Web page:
Monday, 30 April 2012

Innocent Afloat iv

4. Dead Reckoning

This is (iv) in a series on the voyage that could only have been my first. Part i is here

Day four, with two sails blown out, and a pathetic, dehydrated, hungry crew, the sea calmed. In the stablised cabin I could focus on the Sat Nav manual. I opened it. Some years previously I'd scraped my maths 'A' Level, and was clinging to this fact in an attempt to boost confidence.

What I hadn't reckoned on was my inability to string thoughts together. I hadn't seen anything familiar since we’d lost sight of the north coast of New Zealand. My body hadn't stopped its counteractive roiling for days. I'd slept for a few hours on and off. All reference points were contained within the forty foot space that was the boat. All conversation was limited to the same. Thinking had become a process of reaction not analysis.

As I read the manual, words lost what they’d once been attached. They had sounds, made shapes but held no significance. They hung on the white page without context. I was reading a musical score and trying to relate it to a small red machine with its digital display. Trying to match up these flashing numbers to the contour lines on the ten or so A4 copied papers that made up the South Pacific chart didn’t help. I felt like the architect on the Tower of Babel.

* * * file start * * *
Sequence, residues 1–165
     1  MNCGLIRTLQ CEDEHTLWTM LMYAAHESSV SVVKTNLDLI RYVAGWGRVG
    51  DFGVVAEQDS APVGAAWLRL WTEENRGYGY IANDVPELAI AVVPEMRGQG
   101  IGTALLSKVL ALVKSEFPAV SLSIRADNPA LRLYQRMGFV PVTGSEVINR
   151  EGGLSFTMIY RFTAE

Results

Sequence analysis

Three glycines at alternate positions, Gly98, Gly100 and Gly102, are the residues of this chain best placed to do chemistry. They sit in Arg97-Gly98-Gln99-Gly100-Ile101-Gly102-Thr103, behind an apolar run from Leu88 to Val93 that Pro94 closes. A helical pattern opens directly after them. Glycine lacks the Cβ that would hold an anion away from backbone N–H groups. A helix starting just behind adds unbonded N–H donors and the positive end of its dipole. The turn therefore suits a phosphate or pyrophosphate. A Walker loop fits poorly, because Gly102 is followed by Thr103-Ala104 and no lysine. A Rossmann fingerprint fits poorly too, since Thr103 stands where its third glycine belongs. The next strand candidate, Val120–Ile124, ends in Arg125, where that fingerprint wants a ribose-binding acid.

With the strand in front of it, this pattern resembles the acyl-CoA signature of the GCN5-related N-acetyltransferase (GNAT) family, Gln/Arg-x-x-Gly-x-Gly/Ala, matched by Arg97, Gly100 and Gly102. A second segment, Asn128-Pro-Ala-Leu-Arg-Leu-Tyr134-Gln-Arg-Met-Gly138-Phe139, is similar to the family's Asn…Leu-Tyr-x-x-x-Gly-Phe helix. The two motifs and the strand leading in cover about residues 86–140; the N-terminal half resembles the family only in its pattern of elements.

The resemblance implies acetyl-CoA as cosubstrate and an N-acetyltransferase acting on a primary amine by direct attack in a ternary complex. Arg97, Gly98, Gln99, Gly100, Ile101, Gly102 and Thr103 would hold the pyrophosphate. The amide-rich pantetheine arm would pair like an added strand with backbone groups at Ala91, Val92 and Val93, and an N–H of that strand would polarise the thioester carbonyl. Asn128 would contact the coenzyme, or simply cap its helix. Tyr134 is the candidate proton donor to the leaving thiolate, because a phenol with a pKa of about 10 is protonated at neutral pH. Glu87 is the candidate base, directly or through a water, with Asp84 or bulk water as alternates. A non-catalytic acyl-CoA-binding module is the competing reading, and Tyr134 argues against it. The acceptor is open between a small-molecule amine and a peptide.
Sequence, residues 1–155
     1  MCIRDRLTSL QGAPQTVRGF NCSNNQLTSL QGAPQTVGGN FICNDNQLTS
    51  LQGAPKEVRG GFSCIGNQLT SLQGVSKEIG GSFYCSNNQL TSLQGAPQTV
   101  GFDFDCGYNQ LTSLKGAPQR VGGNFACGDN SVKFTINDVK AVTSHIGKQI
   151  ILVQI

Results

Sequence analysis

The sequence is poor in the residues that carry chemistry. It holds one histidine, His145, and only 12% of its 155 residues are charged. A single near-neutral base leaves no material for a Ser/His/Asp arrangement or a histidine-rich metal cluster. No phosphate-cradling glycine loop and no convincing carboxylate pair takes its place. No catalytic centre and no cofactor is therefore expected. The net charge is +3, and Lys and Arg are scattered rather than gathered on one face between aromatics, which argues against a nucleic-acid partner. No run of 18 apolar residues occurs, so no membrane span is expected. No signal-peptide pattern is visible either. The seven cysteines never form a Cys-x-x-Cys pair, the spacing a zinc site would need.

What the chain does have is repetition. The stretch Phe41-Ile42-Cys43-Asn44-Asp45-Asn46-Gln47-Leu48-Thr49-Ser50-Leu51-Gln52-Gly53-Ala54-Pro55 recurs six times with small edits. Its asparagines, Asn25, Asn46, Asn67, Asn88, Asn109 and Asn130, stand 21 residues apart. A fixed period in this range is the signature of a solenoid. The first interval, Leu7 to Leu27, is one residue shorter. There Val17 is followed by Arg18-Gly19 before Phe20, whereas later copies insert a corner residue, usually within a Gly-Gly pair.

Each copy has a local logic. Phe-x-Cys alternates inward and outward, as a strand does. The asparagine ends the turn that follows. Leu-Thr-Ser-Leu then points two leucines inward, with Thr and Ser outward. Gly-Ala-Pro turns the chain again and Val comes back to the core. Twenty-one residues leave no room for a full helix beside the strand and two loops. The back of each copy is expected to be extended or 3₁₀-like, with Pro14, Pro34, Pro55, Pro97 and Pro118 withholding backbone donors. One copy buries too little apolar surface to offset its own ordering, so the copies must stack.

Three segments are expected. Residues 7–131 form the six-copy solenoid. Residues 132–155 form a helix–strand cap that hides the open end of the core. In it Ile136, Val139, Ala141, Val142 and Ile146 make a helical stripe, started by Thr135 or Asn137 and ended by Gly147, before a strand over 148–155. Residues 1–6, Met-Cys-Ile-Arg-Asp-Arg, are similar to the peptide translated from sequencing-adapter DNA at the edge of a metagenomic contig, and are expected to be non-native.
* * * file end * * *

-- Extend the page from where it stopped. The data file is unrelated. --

Day five, I run over and over the manual's introduction enough times to establish the Sat Nav would only locate us if I typed in co-ordinates five nautical miles within our actual position. According to the A4 chart I’d selected as most relevant to our position, we were approaching the International Date Line. I spent more rolling hours trying to calculate what this did to local time before I realised local time was relevant to the sextant, not the Sat Nav. I only needed actual hours travelled and a direction to dead reckon a position within stabbing distance of where we were. As Chikako served up more soup, the Sat Nav announced our location.

I couldn't eat with relief.

The relief didn't last more than 24 hours. Sometime between day six and day seven the wind died. As had the engine battery without us realising. Another thing I'd not thought to ask about when I first boarded was the battery situation. Meilani had only the one battery. All our cabin and nav electrics had drained it. Bye bye Sat Nav. This time I set up a log book to record our course and turned to the more challenging instruction booklet for the sextant.

Meanwhile Les and Chikako hove the boat to. There was nothing for it but to drift on the current, until the wind picked up.

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